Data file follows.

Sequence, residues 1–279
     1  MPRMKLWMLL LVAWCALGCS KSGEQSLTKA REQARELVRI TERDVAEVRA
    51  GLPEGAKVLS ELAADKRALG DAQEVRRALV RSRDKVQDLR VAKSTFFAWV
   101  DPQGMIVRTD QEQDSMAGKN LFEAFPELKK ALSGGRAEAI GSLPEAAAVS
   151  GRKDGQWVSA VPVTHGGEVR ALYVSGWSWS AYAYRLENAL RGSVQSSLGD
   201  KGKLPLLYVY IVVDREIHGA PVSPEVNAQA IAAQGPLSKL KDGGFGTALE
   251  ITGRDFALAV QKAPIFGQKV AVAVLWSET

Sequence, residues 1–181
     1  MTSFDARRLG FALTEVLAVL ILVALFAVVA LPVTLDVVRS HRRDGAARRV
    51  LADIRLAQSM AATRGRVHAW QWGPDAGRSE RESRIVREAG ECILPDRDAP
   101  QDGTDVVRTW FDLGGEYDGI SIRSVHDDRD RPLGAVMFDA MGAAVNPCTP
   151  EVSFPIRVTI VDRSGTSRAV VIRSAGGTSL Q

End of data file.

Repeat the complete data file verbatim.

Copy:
Sequence, residues 1–279
     1  MPRMKLWMLL LVAWCALGCS KSGEQSLTKA REQARELVRI TERDVAEVRA
    51  GLPEGAKVLS ELAADKRALG DAQEVRRALV RSRDKVQDLR VAKSTFFAWV
   101  DPQGMIVRTD QEQDSMAGKN LFEAFPELKK ALSGGRAEAI GSLPEAAAVS
   151  GRKDGQWVSA VPVTHGGEVR ALYVSGWSWS AYAYRLENAL RGSVQSSLGD
   201  KGKLPLLYVY IVVDREIHGA PVSPEVNAQA IAAQGPLSKL KDGGFGTALE
   251  ITGRDFALAV QKAPIFGQKV AVAVLWSET

Sequence, residues 1–181
     1  MTSFDARRLG FALTEVLAVL ILVALFAVVA LPVTLDVVRS HRRDGAARRV
    51  LADIRLAQSM AATRGRVHAW QWGPDAGRSE RESRIVREAG ECILPDRDAP
   101  QDGTDVVRTW FDLGGEYDGI SIRSVHDDRD RPLGAVMFDA MGAAVNPCTP
   151  EVSFPIRVTI VDRSGTSRAV VIRSAGGTSL Q